Revealed: How police thwarted terrorist attack in Diani on New Year’s eve
On New Year’s eve, police officers acting on intelligence arrested two people heading to Diani in Kwale County.
That decision could have saved Kenyans from a deadly attack.
Mr Musab Abdulnasir Kassim and Mistwah Abdulnasir Kassim are alleged to have been found with an Austrian-made Glock pistol, loaded with 15 rounds of ammunition.
It has now turned out that the two are terror suspects, who were on a mission to disrupt the New Year celebrations by launching a terrorist attack at a popular social joint in Diani.
Their arrest also led to the nabbing of Ms Aisha Abdalla Musa in Kizingo Mombasa, who police now say is linked to the two terror suspects who were on a deadly mission in the South Coast.
Ms Musa was arrested on January 1, at around 5pm.
The three are now in custody helping the police with investigations.
According to an affidavit sworn by Anti-Terrorism Police Unit officer Japheth Yagan, Musab and Mistwah were on their way to meet other two unknown terror operatives in Diani when they were arrested on December 31 at around 9:21pm at the Likoni ferry mainland.
“There was intelligence information of an impending attack on a social entertainment joint in Diani during New Year’s eve,” Mr Yagan said in the affidavit.
While asking the court to give him more time to hold the three, Mr Yagan through prosecution counsel Yassir Mohamed said preliminary investigations have revealed that the suspects are also linked to a spate of robberies within Mombasa island.
“There is intelligence that the suspects disguise themselves as motorbike delivery riders in Mombasa town to advance their terror activities,” the prosecutor told Mombasa Senior Resident Magistrate Ritah Orora.
The court also heard that mobile phones recovered from the suspects have been forwarded to Cyber Forensic Laboratory for forensic analysis.
The firearm and the ammunition have also been forwarded to the Directorate of Criminal Investigations (DCI) headquarters in Nairobi for ballistic examination.
“The time that has elapsed since the respondents were arrested is not sufficient to make any determination, therefore, necessitating an application for time to complete investigations before arriving at a decision on whether to charge the respondents or not,” he said.
The prosecutor told the court that the suspects were also found in possession of a substance suspected to be an illicit drug.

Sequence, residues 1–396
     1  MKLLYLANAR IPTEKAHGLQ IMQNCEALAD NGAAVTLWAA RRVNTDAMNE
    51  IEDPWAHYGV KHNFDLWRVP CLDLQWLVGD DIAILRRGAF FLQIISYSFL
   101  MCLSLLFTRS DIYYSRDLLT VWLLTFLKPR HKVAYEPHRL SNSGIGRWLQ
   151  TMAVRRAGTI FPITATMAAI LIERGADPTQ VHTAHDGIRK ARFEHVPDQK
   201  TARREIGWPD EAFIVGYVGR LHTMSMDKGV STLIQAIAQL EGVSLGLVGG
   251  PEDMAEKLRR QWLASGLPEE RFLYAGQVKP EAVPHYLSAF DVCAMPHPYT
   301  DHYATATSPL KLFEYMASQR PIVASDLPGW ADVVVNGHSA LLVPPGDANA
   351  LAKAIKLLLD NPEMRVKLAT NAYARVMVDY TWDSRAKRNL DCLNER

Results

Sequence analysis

“I am investigating a case of being a member of a terrorist group, conspiracy to commit a terrorist act and being in possession of a firearm without holding a firearm certificate. We are yet to record statements from other key witnesses and make more arrests on the same,” said Mr Yagan.
In supporting the police application, Mr Mohamed told the court that the allegations against the respondents were very grave, therefore, the investigators need adequate time to get to the bottom of the crimes that the suspects were about to commit when they were arrested.
However, the respondents opposed the application, telling the court that the police have had enough time to conclude investigating the matter.
The suspects, through their advocate, maintained their innocence, rubbishing the allegations.
The magistrate, however, allowed the police to hold them for a week and either prefer charges against them or release them.
Their arrests come barely two weeks after detectives in Kwale arrested a terror suspect of Canadian origin Elias Abdulhamid.
Mr Abdulhamid was on December 14 arrested in Lunga Lunga while trying to sneak into the country without identification documents.
In a miscellaneous application filed before Kwale Chief Magistrate Lilian Lewa, the detectives alleged that Mr Abdulhamid was on transit to Somalia through the Kenya-Tanzania border to join Al-Shabaab militants when he was arrested.
His intention, the detectives say, was to join the militants to train and later carry out terrorist activities in Kenya and Ethiopia.
Intelligence gathered by the Kenyan detectives indicates that Mr Abdulhamid had been arrested in Egypt in 2019 while trying to join Isis terrorist group.
The detectives further disclosed that the suspect is believed to have also tried to enter the United States of America (US) illegally but was stopped.
According to documents filed in court, Mr Abdulhamid had confessed to the police of having been acquitted in the above cases for lack of evidence in Egypt and the US.
Also, the police had informed the court that the suspect had pleaded with them not to deport him to Canada, alleging that he was being sought there for terror-related activities.
The police had been given 20 days to finalise investigations, which involved verification of his identity, nationality and criminal records with Interpol, the Canadian High Commission in Kenya, Tanzania and Ethiopian authorities over his links to terrorism activities.
The anti-terror police also recommended checking his mental status after he incriminated himself by confessing to intending to travel to
Somalia to join al-Shabaab terrorist group.